Tags: Fed | stimulus | inflation | Bernanke

Fed's Monetary Stimulus Tools Stoking Inflationary Fears — Traders

Tuesday, 18 September 2012 01:36 PM

The Federal Reserve’s decision to pump liquidity into the economy via monetary stimulus tools is already stoking inflationary fears, data show.

To spur a recovery and encourage economic expansion and job demand, the Fed announced it will buy $40 billion worth of mortgage-backed securities held by banks a month until the economy shows marked improvement.

Such a policy tool, known officially as quantitative easing but dubbed by many as printing money out of thin air, arguably plants the seeds for inflation down the road, and some are already investing on the notion that consumer prices are due to climb.

The break-even rate, which measures the difference between nominal yield on the U.S. Treasury and the real yield on the inflation-protected Treasury and gauges market expectations for U.S. inflation over the next 10 years, is on the rise.

The break-even rate rose to 2.73 percent on Monday, the highest intraday rate since May 2006 and near the all-time closing peak of 2.78 percent from March 2005, according to the Financial Times.

“Break-even inflation rates do appear to be moving upwards in a structural way, after the potential regime change at the Fed,” said Michael Pond, a strategist at Barclays, according to the Financial Times.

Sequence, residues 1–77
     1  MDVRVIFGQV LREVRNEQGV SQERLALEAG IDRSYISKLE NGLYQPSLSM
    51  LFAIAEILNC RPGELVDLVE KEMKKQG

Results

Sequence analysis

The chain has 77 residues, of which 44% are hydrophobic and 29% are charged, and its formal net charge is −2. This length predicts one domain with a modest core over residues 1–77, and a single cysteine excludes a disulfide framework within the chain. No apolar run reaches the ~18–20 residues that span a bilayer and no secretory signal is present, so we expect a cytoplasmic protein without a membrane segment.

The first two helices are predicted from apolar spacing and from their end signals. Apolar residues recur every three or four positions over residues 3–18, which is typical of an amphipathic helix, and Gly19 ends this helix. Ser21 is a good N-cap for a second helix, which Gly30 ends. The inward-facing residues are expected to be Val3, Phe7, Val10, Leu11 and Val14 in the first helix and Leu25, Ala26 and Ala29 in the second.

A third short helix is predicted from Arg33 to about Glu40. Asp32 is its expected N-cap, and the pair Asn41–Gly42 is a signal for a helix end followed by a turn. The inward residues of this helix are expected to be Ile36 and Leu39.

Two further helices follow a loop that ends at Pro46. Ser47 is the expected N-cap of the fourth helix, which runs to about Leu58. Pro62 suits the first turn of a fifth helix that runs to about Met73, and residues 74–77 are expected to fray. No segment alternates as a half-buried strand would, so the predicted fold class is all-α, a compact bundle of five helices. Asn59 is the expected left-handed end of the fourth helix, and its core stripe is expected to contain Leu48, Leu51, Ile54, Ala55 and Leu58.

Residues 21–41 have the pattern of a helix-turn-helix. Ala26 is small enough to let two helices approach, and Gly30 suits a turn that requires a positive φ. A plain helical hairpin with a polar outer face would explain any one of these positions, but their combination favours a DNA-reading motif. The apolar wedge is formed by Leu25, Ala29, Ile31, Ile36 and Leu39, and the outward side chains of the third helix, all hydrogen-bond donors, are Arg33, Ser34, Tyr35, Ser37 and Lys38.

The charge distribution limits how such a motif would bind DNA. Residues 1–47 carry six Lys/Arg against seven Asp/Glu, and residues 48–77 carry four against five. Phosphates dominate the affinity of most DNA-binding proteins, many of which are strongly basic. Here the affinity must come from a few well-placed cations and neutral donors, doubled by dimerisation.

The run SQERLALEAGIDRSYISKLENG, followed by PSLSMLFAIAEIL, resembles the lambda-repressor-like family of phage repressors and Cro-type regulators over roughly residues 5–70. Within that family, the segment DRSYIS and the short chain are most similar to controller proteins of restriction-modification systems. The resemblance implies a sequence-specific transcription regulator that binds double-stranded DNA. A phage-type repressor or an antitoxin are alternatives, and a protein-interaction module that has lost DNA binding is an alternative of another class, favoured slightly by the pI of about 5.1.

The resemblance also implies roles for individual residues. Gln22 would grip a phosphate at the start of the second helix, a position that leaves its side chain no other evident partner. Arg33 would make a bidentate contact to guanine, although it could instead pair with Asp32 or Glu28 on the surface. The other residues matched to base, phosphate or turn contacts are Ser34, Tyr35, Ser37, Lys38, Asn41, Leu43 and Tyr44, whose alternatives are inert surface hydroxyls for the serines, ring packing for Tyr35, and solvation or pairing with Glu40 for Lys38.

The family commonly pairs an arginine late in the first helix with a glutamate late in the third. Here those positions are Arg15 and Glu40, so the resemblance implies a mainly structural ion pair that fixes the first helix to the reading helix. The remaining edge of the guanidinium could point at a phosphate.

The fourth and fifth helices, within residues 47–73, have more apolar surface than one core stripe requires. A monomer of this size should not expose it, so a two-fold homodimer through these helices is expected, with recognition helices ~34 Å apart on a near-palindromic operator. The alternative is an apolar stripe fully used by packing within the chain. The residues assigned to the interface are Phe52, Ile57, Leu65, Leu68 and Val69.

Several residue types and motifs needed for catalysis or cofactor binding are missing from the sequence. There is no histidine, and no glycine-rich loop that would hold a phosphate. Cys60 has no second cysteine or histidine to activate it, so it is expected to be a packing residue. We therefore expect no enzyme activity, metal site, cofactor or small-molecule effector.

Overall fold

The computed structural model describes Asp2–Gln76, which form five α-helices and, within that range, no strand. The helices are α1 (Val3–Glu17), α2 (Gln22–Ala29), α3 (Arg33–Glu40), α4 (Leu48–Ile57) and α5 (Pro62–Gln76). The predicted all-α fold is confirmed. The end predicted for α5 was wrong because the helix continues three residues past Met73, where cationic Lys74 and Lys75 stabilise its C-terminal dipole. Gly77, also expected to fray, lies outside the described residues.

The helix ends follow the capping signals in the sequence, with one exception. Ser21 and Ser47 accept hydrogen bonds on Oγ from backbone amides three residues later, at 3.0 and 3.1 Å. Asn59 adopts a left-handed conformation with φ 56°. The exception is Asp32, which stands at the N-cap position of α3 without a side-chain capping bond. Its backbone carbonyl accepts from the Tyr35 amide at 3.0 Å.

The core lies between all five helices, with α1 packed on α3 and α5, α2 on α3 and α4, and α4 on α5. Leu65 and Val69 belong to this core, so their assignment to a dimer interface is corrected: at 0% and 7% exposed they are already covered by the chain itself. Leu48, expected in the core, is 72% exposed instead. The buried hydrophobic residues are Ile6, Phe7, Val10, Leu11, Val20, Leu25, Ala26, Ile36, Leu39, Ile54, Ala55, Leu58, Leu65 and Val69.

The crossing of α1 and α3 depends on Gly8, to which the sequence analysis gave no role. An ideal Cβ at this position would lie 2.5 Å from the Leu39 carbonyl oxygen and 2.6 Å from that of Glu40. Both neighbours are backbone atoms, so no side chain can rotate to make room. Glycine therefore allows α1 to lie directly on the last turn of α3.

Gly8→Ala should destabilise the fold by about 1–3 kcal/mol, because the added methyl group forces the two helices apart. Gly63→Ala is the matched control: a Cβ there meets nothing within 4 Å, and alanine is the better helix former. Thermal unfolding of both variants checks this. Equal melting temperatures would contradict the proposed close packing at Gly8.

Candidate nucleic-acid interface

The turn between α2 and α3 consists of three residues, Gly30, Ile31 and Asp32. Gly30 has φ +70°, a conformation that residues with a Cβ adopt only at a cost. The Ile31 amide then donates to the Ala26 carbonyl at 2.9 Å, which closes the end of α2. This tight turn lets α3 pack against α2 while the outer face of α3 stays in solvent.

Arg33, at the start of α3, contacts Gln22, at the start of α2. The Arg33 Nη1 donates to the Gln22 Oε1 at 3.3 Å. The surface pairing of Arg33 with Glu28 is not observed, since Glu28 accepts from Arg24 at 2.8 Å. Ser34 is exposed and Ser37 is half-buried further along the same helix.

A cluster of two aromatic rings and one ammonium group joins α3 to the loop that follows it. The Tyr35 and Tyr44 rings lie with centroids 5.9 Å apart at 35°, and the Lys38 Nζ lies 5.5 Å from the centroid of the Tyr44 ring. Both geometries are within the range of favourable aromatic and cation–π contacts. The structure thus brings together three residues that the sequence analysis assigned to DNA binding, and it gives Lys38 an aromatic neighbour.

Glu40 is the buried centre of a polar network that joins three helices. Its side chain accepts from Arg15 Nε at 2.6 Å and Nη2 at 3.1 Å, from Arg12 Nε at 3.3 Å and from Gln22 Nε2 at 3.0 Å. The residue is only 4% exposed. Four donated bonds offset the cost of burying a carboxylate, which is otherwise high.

“The Fed is more focused on reducing unemployment and is prepared to tolerate higher inflation.”

Quantitative easing works by weakening the dollar via liquidity injections, which sends hard assets like commodities rising and in turn brings food and gasoline prices up.

The Fed has rolled out two rounds of quantitative easing since 2008, though the break-even rate didn’t climb then as markets were worried too much over the possibility of deflation as opposed to inflation.

The Fed adheres to a dual mandate of controlling inflation and keeping unemployment rates optimal, and Fed Chairman Ben Bernanke has said creating jobs is of utmost importance for monetary authorities.

“This is a Main Street policy, because what we’re about here is trying to get jobs going,” Bernanke said at a news conference after the Fed announced plans to jolt the economy with stimulus tools, according to Bloomberg.

“We’re trying to create more employment. We’re trying to meet our maximum employment mandate, so that’s the objective.”

Fed officials have said they can take steps to control inflation should price pressures rise, though many experts agree the Fed is willing to tolerate higher inflation rates in the near term, even above its 2 percent target rate, in order to create jobs.

“I see no reason to believe the Bernanke Fed would not take actions needed to prevent inflation from getting out of control,” said Steven Fazzari, a professor of economics at Washington University, according to the St. Louis Post-Dispatch.

“Implicitly, you might say this does suggest they would be willing to accept inflation a bit higher than 2 percent, but I think it's an exaggeration to say they would allow inflation to explode.”

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The Federal Reserve’s decision to pump liquidity into the economy via monetary stimulus tools is already stoking inflationary fears, data show.
Tuesday, 18 September 2012 01:36 PM
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